England wicketkeeper Sarah Taylor on making the grade in the men's game

This year Taylor became the first woman to play in an A Grade match in Australia

Tim Wigmore
Thursday 17 December 2015 00:25
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Sarah Taylor is congratulated by her Northern Districts team-mates after taking two catches on her debut
Sarah Taylor is congratulated by her Northern Districts team-mates after taking two catches on her debut

At Hove, celebrated Sussex cricketers are honoured with blue banners boasting their portraits. In August Sarah Taylor became the first woman to join this elite group when she was inducted into Legends’ Lane. It was not her only foray into men’s cricket this year. Two months later, Taylor became the first woman to play in an A Grade match in Australia when she turned out for Northern Districts against Port Adelaide at Salisbury Oval.

“There were probably about a million emotions,” she tells The Independent as she looks back on her remarkable achievement. “It was exciting. It was so nerve-racking. It was probably one of the toughest things I’ve ever done on a cricket field, but I can walk away and say I somehow enjoyed every moment of it, including the media hype.”

While she did not bat in the first two-day game, Taylor took two smart catches behind the stumps. In the next match, batting at No 8, she was out for a second-ball duck. “I snicked off behind,” she admits. “I got a pretty decent ball. It’s OK, I’ve not lost any sleep over it.”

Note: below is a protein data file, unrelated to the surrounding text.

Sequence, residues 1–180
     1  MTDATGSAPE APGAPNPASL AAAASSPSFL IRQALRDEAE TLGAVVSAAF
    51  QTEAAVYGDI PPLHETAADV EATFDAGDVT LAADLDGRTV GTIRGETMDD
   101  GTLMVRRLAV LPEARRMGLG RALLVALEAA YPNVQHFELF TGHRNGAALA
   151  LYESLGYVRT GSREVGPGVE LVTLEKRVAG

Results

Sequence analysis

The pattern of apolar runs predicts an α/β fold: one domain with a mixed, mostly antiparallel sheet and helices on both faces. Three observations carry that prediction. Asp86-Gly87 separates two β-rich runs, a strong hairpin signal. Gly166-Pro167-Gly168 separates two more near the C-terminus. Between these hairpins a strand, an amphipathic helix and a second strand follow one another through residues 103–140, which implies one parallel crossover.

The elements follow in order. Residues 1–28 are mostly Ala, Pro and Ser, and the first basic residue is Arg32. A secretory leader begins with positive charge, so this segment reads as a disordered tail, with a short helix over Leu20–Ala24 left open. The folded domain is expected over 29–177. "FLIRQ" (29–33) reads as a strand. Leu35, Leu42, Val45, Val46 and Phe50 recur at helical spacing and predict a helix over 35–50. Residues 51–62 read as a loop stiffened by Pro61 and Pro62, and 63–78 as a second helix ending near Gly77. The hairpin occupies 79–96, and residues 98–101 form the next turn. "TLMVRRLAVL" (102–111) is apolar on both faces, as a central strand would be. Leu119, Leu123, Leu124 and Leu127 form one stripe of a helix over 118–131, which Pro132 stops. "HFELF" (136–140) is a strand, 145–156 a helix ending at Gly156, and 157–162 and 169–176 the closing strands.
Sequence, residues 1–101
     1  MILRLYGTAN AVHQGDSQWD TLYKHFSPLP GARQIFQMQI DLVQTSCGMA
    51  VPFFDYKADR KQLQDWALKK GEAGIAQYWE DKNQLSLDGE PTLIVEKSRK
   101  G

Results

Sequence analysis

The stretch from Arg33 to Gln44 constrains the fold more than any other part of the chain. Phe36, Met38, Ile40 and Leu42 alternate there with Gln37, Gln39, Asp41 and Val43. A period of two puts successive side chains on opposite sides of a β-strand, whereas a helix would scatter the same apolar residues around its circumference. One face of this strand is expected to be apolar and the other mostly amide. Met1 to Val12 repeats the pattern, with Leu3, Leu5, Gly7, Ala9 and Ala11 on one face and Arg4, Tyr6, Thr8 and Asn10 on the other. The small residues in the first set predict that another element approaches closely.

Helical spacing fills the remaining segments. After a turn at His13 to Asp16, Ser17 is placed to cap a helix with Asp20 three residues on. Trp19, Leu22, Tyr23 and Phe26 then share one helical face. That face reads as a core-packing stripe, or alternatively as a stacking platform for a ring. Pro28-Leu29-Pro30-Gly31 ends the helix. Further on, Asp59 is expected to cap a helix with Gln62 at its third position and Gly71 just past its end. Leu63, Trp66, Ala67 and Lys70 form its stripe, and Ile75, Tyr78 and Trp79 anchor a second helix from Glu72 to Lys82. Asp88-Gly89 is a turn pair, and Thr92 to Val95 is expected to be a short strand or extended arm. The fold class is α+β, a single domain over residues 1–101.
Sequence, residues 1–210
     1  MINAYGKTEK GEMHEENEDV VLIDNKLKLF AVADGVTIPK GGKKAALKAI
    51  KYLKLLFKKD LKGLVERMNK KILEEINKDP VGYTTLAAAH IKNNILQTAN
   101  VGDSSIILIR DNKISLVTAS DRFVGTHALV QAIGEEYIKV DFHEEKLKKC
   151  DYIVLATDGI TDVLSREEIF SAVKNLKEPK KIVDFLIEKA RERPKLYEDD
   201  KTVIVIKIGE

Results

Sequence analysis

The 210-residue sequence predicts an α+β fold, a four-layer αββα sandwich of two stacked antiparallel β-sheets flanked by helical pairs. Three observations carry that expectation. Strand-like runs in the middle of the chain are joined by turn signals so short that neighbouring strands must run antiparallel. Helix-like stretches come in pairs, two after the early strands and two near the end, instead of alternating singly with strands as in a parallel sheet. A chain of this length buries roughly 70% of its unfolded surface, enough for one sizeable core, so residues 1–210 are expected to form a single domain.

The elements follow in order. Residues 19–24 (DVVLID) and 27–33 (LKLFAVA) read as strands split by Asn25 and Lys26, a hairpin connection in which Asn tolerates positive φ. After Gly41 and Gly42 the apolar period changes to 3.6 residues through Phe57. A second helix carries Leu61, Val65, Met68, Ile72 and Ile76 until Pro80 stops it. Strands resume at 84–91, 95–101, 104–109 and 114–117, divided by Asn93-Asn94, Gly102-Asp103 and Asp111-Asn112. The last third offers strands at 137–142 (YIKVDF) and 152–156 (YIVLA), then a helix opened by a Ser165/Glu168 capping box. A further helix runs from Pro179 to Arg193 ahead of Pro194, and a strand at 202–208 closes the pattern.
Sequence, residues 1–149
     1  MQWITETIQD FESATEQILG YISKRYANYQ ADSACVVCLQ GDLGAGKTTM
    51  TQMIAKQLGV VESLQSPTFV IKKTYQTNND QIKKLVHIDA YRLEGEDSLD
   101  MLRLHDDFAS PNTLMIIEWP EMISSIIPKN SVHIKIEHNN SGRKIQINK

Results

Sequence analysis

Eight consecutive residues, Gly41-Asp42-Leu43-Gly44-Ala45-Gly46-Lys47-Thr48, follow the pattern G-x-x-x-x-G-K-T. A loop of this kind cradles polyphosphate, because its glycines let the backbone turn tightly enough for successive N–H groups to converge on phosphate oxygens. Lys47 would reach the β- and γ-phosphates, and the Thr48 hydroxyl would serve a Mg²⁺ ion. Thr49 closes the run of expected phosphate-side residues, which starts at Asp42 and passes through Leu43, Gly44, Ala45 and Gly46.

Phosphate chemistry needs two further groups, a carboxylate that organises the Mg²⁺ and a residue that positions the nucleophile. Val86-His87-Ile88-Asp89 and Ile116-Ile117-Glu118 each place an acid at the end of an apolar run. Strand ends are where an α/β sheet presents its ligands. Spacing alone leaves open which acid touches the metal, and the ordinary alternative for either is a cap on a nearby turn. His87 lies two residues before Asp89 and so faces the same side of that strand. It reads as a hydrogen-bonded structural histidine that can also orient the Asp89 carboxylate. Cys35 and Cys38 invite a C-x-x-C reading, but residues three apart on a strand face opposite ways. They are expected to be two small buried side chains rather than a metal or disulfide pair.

Despite the bigger ball and spending most of her time as wicketkeeper standing back rather than up, the 26-year-old found men’s cricket to be more like the women’s game than she had imagined. “The main difference was a couple of the words said – but that might just be Australians.”

When other commitments allow, Taylor intends to continue playing men’s cricket. “It definitely helped me and my game, more mentally than anything. If you put your mind to something you can do it – you should always give it a go, even if you fail. I’ll try and play for them as much as I possibly can in the future.”

Taylor is ultimately playing men’s cricket to make herself a better player in women’s international cricket, but she thinks a female will soon decide to devote herself entirely to the men’s game.

“I see no reason why a woman couldn’t say, ‘I want to play men’s cricket’ and keep going with it. I hope it does push the boundaries.

“I’m too far into my career now to start changing but there will be some girls who will try and keep going in the male game. I do hope it happens – it’ll be good for women and good for the game. If you’re trained to play against the guys, you never know what you can do.”

But Taylor has enough in the women’s game to occupy her thoughts. After the disappointment of England losing the multi-format Ashes series 10-6 in the summer – she contributed a disappointing 135 runs in seven innings – Taylor confronted “a lot of sarcastic comments” when she started playing Australian domestic cricket in October.

She is now playing in the inaugural Women’s Big Bash, a female T20 tournament featuring the eight sides who play in the men’s Big Bash. “You’ve got to look to Cricket Australia and say well done to them for pushing this. The excitement here has been amazing,” she says, looking forward to the English equivalent – a six-team Super League which will be launched next year.

Women pioneers: Taking it to the men

  • Billie Jean King (tennis): Beat Bobby Riggs in the “Battle of the Sexes” contest in 1973.